Education

Australia’s first body image program for primary schools

Butterfly Body Bright is a strength-based, prevention focused program that supports the development of healthy and positive attitudes and behaviours towards the body, eating and physical activity.

Primary schools nationwide will now be able to access Butterfly Body Bright, an evidence-informed whole school program designed to help children establish a strong foundation for the development of positive body image, with the aim to protect them from significant issues later in life.

Butterfly Body Bright is a strength-based, prevention focused program that supports the development of healthy and positive attitudes and behaviours towards the body, eating and physical activity

Studies consistently show that 50% of pre-adolescent girls (age 8-11 years old) are dissatisfied with their body; showing a desire to be thinner than they arei. For pre-adolescent boys the research is not dissimilar, with one study determining 33% of 6-year-old boys were dissatisfied with their body and desired a more muscular body.ii

Butterfly Foundation’s National Manager of Prevention Services, Danni Rowlands acknowledges “that for the prevention of body dissatisfaction and disordered eating behaviours to truly happen, we need to start early. Addressing body image in children needs to be done so in a safe, evidence-informed structured and empowered way. Butterfly Body Bright aims to provide that for Australian primary schools”.

The program development has been led by Butterfly Foundation’s Dr. Stephanie Damiano, who has dedicated her career to understanding body image in children. Butterfly Body Bright addresses the known and modifiable risk and protective factors that underpin body image so that children have the understanding and skills to combat negative body image issues.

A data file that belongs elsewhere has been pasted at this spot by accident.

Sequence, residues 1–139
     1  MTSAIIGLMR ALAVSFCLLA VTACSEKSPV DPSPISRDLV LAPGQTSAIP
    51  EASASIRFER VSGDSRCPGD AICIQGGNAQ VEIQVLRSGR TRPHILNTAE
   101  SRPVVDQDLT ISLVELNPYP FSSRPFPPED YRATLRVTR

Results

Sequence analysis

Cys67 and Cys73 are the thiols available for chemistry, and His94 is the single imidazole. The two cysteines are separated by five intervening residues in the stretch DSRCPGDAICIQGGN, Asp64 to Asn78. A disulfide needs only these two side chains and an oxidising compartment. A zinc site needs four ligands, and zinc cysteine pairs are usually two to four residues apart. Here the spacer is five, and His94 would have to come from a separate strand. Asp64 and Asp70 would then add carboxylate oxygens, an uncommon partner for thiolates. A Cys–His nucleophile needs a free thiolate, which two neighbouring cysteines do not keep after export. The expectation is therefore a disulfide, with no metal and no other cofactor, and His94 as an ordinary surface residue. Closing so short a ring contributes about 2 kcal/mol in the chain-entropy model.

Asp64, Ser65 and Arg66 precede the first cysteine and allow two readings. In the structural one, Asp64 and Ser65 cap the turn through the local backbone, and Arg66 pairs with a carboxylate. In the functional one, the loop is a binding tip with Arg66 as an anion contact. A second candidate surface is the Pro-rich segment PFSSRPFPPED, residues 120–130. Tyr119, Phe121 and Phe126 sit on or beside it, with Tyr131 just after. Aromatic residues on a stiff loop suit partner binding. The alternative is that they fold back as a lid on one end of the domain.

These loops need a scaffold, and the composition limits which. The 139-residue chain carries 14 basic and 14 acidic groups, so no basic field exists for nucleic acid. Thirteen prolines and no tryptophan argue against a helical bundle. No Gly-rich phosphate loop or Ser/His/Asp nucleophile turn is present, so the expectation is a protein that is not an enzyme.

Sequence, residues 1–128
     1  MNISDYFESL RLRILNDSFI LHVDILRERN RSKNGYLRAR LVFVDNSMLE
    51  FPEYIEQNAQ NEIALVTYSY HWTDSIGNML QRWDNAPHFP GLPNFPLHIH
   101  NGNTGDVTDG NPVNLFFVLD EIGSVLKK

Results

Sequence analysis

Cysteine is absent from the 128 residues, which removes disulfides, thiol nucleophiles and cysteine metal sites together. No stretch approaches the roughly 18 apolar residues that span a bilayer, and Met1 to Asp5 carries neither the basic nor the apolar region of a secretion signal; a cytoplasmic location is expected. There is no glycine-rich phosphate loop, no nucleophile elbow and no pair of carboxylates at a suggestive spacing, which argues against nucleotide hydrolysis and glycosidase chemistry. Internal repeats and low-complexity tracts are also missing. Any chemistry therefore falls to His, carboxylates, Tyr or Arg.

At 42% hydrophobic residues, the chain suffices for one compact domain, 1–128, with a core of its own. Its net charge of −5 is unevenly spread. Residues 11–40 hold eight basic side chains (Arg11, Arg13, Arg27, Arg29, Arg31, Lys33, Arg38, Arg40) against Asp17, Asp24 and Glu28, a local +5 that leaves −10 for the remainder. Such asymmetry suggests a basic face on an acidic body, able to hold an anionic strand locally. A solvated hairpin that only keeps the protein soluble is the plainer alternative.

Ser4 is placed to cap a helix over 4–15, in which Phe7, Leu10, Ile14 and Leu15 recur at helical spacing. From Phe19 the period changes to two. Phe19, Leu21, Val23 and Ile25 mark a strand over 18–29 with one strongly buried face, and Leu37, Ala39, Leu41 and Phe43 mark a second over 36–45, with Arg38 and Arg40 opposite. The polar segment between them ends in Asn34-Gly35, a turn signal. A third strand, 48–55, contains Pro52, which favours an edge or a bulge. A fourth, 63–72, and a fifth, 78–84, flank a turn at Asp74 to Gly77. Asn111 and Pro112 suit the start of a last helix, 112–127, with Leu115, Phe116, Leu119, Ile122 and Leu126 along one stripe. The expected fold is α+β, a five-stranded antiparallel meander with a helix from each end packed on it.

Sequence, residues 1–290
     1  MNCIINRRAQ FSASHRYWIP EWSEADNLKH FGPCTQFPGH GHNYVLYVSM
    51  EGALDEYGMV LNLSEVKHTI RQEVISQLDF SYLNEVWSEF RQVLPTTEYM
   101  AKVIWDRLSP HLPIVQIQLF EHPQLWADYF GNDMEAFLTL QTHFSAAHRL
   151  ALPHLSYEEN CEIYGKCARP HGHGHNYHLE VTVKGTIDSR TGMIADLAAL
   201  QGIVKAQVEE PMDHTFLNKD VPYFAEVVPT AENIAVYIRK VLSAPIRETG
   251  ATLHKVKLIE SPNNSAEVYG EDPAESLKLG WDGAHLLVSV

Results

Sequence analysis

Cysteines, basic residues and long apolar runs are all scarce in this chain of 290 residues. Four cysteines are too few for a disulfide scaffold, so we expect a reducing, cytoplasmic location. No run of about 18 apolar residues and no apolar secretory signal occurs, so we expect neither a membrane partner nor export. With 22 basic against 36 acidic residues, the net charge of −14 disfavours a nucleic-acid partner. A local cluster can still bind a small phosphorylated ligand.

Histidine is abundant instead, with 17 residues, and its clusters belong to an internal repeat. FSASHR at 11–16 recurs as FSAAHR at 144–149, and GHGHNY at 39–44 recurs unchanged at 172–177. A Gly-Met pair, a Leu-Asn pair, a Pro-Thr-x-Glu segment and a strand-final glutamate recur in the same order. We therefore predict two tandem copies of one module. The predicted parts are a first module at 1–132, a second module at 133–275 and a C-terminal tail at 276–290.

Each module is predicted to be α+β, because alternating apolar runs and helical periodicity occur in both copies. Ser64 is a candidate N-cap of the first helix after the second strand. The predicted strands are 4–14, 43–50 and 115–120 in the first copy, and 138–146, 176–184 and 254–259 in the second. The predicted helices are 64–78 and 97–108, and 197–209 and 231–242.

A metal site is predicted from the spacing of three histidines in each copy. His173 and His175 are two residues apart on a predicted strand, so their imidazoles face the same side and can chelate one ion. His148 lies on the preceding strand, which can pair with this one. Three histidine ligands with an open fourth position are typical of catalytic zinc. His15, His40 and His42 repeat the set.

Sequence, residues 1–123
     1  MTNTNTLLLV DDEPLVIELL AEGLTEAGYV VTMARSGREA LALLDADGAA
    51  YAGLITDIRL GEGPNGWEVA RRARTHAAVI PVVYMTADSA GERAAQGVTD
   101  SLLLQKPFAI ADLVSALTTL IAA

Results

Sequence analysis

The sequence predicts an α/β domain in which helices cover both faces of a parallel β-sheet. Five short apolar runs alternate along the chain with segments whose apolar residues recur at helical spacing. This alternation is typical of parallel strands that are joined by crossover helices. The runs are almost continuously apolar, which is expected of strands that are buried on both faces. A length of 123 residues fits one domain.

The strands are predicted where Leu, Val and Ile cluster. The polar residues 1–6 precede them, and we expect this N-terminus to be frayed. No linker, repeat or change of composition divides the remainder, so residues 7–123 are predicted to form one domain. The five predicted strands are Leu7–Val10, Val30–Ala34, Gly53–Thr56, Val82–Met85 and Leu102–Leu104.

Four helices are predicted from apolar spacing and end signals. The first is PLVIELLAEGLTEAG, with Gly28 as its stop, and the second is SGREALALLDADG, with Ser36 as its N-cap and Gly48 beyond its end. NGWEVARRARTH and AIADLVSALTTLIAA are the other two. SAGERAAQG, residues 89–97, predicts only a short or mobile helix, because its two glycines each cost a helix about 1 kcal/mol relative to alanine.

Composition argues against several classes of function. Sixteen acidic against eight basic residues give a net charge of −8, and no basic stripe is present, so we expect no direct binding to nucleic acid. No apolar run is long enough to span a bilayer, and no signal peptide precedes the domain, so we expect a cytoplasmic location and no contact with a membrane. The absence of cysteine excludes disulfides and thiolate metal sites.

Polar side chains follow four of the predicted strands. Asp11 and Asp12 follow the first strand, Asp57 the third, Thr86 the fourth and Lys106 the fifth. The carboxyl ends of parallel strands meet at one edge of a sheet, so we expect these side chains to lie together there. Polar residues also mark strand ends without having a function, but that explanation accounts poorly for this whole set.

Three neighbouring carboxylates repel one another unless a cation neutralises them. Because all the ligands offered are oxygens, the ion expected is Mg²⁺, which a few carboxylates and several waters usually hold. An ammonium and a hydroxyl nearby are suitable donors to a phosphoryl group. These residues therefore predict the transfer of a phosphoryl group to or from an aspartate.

“The foundations for body image, weight attitudes, eating behaviours and physical activity patterns are formed early in life,” says Dr. Damiano. “There are so many factors that can influence children’s body image and a number of those important factors sit within the school community. For example, a child’s peers, parents and teachers can all play a really important role.”

“The more a child is dissatisfied with their body the more likely they are to engage in unhelpful behaviours, such as reduced physical activity and more restrictive or over-eating behaviours, and are more at risk of experiencing emotional, academic and social problems. They are also at an increased risk of developing an eating disorder,” she added.

“Butterfly Body Bright will support Australian primary schools, their students and their school community with safe and age-appropriate body image education so that the whole school community can work together to promote positive body image.”

While the long-term aim of Butterfly Body Bright is to reduce significant body dissatisfaction, disordered eating and eating disorders developing in late childhood and adolescence, Dr. Damiano highlights that the program does not focus on eating disorders.